23 SES 11 C, Comparing and Contrasting School Choice Policies: Problematics in Comparison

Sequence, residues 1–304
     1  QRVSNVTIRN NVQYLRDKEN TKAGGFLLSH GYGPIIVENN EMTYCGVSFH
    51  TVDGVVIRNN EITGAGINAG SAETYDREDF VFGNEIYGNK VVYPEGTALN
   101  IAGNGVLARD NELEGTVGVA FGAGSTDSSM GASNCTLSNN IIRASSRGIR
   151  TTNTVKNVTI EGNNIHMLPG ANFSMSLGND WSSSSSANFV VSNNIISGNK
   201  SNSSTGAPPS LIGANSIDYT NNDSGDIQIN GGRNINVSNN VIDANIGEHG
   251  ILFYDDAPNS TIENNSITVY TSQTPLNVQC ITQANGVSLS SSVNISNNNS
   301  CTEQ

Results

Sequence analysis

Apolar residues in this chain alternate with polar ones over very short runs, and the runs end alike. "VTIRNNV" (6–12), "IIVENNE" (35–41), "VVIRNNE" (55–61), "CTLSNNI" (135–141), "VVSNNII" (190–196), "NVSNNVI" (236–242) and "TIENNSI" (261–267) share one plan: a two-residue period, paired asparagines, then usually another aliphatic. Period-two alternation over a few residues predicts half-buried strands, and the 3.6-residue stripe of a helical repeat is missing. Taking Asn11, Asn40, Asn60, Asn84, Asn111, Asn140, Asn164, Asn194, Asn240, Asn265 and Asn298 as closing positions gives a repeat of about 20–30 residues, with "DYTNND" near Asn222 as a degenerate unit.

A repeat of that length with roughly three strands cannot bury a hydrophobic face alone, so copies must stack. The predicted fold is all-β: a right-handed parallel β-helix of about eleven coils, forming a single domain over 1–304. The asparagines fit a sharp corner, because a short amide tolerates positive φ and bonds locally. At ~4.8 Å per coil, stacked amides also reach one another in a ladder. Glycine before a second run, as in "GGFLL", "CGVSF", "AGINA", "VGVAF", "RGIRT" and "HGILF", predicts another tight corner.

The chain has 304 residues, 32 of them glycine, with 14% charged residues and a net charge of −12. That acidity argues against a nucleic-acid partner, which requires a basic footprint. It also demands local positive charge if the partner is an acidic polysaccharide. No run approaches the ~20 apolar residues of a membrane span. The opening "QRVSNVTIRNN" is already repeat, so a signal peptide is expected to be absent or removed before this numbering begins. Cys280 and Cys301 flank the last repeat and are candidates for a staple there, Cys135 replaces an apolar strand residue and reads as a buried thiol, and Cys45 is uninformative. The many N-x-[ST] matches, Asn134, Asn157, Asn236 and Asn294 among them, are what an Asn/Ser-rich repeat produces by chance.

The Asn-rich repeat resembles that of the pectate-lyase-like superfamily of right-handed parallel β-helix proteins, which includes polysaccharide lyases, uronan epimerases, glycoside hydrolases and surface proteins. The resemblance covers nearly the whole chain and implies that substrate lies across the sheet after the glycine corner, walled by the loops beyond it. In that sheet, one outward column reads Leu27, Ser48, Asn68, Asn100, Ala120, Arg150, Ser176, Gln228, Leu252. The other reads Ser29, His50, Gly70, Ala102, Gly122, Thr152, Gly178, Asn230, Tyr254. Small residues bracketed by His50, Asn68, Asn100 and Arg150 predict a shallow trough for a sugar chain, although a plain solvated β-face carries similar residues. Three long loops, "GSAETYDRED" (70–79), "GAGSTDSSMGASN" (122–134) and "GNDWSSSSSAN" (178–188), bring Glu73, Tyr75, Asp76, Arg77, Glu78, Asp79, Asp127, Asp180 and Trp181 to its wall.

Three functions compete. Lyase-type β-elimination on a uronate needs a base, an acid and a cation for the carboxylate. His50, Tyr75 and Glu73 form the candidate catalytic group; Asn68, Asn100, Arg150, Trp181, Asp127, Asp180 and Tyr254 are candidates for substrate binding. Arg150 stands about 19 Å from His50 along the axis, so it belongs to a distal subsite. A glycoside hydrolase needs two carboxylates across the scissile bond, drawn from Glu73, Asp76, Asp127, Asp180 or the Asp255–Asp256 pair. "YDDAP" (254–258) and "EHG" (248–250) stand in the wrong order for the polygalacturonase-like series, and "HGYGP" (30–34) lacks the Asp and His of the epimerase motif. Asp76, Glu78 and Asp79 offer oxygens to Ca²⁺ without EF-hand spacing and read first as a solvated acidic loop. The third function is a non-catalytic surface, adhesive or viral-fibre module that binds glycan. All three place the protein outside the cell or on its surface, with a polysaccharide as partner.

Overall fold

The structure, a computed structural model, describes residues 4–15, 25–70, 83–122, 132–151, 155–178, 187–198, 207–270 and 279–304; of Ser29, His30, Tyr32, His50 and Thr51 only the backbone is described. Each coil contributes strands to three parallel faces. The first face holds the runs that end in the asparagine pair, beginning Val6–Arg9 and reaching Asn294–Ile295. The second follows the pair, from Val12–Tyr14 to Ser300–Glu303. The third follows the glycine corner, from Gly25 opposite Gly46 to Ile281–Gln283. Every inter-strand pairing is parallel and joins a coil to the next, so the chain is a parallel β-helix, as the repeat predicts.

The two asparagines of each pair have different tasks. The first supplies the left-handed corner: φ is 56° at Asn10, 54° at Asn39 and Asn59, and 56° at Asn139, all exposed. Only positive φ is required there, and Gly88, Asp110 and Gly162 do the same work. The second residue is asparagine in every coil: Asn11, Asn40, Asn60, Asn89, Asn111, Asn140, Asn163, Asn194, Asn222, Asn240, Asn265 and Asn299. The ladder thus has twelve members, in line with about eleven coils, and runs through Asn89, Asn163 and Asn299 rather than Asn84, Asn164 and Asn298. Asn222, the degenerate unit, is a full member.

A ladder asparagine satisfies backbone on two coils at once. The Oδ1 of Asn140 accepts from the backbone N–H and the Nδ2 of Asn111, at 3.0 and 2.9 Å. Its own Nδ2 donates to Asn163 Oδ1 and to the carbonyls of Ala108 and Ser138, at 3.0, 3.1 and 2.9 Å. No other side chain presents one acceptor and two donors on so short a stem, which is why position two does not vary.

Because parents interact with systems of school choice that vary across countries, we might expect to find significant national differences in their strategies. This is the case if one examines detailed national procedures and arrangements. However, when the focus is the more general framework of interaction between parents and schools, striking similarities can also be observed, especially when studying the strategies of middle-class parents, who are the most active choosers in all countries. Using an interpretative framework derived from the work of Pierre Bourdieu and data from three different sources (a comprehensive qualitative study conducted in France with 167 families, a smaller study comparing families in Paris and London and analysis of the French, British and American sociological literature on school choice), this presentation will analyze similarities and differences among middle-class parents in France, England and the United States. Interpretations will emphasize, on the one hand, similarities due to the values and resources associated to a specific position in the class structure and, on the other hand, differences due to the influence of national value systems and structural characteristics of national school systems on the repertoires and resources that parents use to evaluate schools and implement choices.
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